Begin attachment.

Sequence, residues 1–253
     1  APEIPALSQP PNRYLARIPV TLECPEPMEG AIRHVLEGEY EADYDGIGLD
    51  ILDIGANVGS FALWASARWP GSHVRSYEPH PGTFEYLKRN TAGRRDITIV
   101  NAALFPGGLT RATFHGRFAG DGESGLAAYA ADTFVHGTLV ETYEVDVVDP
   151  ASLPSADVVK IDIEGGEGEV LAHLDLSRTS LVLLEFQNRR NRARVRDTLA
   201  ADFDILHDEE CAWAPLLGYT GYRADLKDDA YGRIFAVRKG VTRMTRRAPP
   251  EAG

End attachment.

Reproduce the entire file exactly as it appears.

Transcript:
Sequence, residues 1–253
     1  APEIPALSQP PNRYLARIPV TLECPEPMEG AIRHVLEGEY EADYDGIGLD
    51  ILDIGANVGS FALWASARWP GSHVRSYEPH PGTFEYLKRN TAGRRDITIV
   101  NAALFPGGLT RATFHGRFAG DGESGLAAYA ADTFVHGTLV ETYEVDVVDP
   151  ASLPSADVVK IDIEGGEGEV LAHLDLSRTS LVLLEFQNRR NRARVRDTLA
   201  ADFDILHDEE CAWAPLLGYT GYRADLKDDA YGRIFAVRKG VTRMTRRAPP
   251  EAG